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|Title:||Off-road fitness-to-drive assessment using driving simulator (Effect of fatigue level on fitness-to-drive)||Authors:||Woo, Sabrina Jia Ling||Keywords:||DRNTU::Engineering||Issue Date:||2016||Abstract:||Motor vehicle crashes attributing to human causes have long been a controversial topic as to whether these human factors play a significant role in the result of these crashes. Fitness-to-drive, measured by performance indicators, is an excellent tool to assess the driving ability of a driver. Based on research done in the past, there is a lack of empirical evidence to prove that the fitness-to-drive of an individual is significantly related to the fatigue level (human factor) of that individual. Little has been done to address this issue, and thus, in this research project, we aimed to find out the relationship between the fitness-to-drive and fatigue level. Twenty-six consenting male and female participants belonging to different driving categories (active or inactive drivers), and whom were in a state of approximately zero fatigue level were randomly selected to participate in the two hour-long experimental session. The participants went through two sessions of the virtual driving course on a driving simulator situated at the laboratory. The former session was driven while they were in a fresh state of mind, while the latter was of them being in a fatigued state of mind, in which in between the two sessions there was a non-physical fatigued-induction session to adjust the participants’ fatigue level. Valuable experimental data were extracted from the four driving performance indicators (speed, variance of steering wheel position, mistakes made on navigational messages, collisions made), which govern the fitness to drive. For both the active and inactive drivers’ category, the results for the four driving performance indicators reflected a decrease in driving performance conditions (fitness-to-drive). For example, on the basis that higher vehicle speed means a more unstable condition for driving, the results obtained for the 11 active drivers showed that the average speed of the vehicle increased from the fresh to the fatigued state, implying that the fatigued state of the participants resulted in decrease in their fitness-to-drive. As for the other indicators, it was noted that there was lower variance of the steering wheel position, more mistakes made on navigational messages, and more collisions made, all of which implied that the fitness-to-drive of participants have decreased. However, for majority of the findings obtained, despite being evidently different in values, the difference between the results in the fresh and fatigued states was not statistically significant (from t-test results). Overall, the results showed that fatigue indeed does have a negative impact on one’s driving performance. This finding is vital and gives practical advancement to the transportation field of study. Future research on this area could explore other components of driving and cognitive performance, such as eye-gaze spread, response latency, etc.||URI:||http://hdl.handle.net/10356/68042||Rights:||Nanyang Technological University||Fulltext Permission:||restricted||Fulltext Availability:||With Fulltext|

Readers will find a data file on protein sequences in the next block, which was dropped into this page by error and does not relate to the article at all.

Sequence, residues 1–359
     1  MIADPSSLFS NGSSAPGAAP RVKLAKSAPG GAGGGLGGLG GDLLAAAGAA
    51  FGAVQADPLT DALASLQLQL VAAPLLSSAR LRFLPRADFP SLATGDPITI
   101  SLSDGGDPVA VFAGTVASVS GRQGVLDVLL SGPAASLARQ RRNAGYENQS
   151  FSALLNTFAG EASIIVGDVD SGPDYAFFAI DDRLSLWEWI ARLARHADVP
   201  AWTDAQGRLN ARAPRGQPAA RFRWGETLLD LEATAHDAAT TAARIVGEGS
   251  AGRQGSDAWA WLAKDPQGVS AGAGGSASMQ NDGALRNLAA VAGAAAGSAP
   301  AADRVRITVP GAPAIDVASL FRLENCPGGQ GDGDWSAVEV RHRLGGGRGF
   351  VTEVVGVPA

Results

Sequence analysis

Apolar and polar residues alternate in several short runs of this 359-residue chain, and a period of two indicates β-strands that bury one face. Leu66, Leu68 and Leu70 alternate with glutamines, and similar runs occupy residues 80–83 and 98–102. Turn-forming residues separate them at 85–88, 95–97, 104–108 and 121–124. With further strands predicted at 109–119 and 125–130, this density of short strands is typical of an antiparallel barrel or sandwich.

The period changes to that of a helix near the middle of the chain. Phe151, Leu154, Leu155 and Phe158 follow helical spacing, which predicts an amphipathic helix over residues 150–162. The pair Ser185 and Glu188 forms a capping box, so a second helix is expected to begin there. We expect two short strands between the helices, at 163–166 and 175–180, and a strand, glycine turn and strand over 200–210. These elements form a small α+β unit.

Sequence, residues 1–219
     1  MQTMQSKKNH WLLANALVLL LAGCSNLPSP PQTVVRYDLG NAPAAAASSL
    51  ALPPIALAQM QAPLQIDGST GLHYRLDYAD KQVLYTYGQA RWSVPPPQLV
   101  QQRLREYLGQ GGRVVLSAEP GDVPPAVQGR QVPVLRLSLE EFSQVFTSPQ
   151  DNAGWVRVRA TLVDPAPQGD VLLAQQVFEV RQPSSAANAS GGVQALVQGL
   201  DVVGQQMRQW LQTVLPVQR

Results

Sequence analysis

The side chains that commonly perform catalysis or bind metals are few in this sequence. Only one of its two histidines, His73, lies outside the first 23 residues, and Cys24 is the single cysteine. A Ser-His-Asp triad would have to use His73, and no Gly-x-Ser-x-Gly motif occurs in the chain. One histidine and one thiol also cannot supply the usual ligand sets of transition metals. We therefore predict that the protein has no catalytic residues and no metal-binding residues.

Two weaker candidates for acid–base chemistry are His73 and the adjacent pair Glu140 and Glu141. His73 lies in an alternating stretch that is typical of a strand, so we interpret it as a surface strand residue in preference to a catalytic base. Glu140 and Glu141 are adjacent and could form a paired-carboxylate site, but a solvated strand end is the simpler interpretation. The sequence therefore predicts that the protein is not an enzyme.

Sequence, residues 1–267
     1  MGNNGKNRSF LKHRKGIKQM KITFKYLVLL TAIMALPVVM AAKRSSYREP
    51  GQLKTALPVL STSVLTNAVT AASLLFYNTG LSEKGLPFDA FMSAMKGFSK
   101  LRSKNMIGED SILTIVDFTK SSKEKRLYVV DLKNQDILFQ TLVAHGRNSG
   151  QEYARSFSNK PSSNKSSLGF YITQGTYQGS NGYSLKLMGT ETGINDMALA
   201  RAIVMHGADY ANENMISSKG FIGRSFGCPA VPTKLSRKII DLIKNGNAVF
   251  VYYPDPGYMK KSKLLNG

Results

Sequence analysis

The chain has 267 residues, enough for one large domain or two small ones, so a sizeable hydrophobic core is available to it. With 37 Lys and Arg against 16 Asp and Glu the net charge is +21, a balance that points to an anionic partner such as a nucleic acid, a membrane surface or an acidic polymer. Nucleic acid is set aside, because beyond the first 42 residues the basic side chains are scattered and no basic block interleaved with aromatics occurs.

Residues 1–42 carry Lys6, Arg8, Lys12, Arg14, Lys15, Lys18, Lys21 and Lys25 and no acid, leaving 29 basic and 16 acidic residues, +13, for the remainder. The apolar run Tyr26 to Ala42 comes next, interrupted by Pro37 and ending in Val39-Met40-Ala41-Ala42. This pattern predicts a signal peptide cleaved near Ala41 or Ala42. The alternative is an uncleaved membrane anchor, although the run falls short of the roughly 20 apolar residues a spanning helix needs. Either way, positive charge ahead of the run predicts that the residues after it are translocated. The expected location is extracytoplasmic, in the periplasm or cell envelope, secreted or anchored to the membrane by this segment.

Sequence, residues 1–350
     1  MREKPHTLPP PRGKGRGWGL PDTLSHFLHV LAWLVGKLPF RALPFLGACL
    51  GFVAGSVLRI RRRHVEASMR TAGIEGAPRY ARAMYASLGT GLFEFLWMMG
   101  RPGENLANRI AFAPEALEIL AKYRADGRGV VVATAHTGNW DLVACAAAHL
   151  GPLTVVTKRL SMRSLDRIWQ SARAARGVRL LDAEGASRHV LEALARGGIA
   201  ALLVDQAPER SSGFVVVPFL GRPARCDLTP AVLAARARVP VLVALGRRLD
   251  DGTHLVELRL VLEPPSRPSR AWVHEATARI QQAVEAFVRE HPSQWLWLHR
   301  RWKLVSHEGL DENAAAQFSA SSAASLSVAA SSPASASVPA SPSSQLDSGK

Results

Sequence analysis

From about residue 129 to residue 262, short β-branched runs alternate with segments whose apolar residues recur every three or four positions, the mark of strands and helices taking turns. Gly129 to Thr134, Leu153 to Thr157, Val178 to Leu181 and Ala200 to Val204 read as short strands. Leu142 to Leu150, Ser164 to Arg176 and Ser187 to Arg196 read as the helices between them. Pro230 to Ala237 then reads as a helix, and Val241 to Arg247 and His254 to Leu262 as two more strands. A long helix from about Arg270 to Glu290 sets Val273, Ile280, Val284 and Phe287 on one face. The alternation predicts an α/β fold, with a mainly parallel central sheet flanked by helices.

|Appears in Collections:||CEE Student Reports (FYP/IA/PA/PI)|
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|FYP - Final Report_TR-05AB_ Sabrina Woo Jia Ling.pdf|
|Full Final Year Report||4.36 MB||Adobe PDF||View/Open|
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